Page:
One of the saddest moments in recent history -- for me, at least -- came last July, when the Shuttle fleet was retired for good. Granted that it was technologically obsolete and had killed fourteen people with its fragility. From that moment to this one, the United States has had no ability to put astronauts in orbit without assistance from Russia.
We had ceded the high ground to the rest of the world. Should they decide to deny us the use of their facilities, we would have no recourse.
The "high ground" is the trump card in all sorts of conflicts. It's not always obvious what constitutes the "high ground" in a given situation. Whatever it is, it bestows an enduring advantage over all other contestants upon its possessor. Geostrategically, the high ground of today is low Earth orbit. The nation that commands low Earth orbit can impose its will on the rest of the world.
There was a glimmer of light earlier today. SpaceX's Dragon capsule, the first spacecraft to be designed, built, and launched into orbit entirely by a private corporation, mated to the International Space Station in an exemplary display of precision engineering. The capsule was, of course, unmanned; the days when we would put a man into an untested spacecraft and hope for the best are well behind us. However, Elon Musk, SpaceX's CEO and principal visionary, expects that successors to the Dragon will be flying men into space in a few years' time.
Unless an entirely unheralded new spacecraft should make its bow before that, American astronauts will continue riding into orbit in Russian craft launched from the Baikonur astrodrome...and paying exorbitant taxi fees for the privilege.
This must change. Must. If it doesn't, the United States will find itself subordinated to one of the other spacefaring powers sooner or later. As world conditions stand, probably sooner.
Putting men into ballistic capsules and propelling them into space with rockets over which they have essentially no control is a bad idea, as badly obsolete as the Shuttles were. The ballistic capsule as a human transport is simply too limiting for a spacefaring future. We need reusable spacecraft for other reasons, too. I hope someone out there -- preferably someone animated by good wholesome capitalistic profit motives -- is working on a space plane. More, I hope he can resist the pressure that will undoubtedly be put on him to make it into a ramshackle delivery truck -- the sort of crossbred design that ultimately doomed the Shuttles.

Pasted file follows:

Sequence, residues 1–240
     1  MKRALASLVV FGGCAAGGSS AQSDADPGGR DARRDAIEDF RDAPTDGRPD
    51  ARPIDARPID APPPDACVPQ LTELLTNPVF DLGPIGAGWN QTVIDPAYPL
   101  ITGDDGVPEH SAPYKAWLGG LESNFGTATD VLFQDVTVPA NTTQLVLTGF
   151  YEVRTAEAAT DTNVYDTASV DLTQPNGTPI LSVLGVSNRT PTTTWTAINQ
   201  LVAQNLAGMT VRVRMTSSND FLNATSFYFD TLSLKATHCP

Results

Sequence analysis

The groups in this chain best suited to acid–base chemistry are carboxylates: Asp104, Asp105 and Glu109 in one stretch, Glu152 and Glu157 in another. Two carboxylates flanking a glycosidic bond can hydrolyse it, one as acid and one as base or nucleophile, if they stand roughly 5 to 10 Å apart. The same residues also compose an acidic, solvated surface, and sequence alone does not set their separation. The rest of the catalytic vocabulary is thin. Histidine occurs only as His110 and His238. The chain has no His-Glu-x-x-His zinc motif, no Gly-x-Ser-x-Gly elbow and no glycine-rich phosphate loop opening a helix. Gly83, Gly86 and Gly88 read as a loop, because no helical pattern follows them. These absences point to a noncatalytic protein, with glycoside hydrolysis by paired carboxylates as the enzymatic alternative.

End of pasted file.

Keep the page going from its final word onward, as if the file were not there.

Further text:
America cannot remain pre-eminent among the nations if it remains dependent on other nations to reach the high ground. Let private enterprise do the job, by all means, but keep in mind the military aspects of the need as well. Like it or not, there will eventually be weapons in space. There will be combat in Earth orbit, possibly over those aforementioned weapons. The nation with the better systems for deployment and recovery from Earth orbit, both of men and materiel, will be Terra's top dog.
Americans might not want to impose ourselves and our ways on other nations, but we'd like it even less were other nations to impose themselves and their ways on us. Capabilities of that sort have a habit of being used.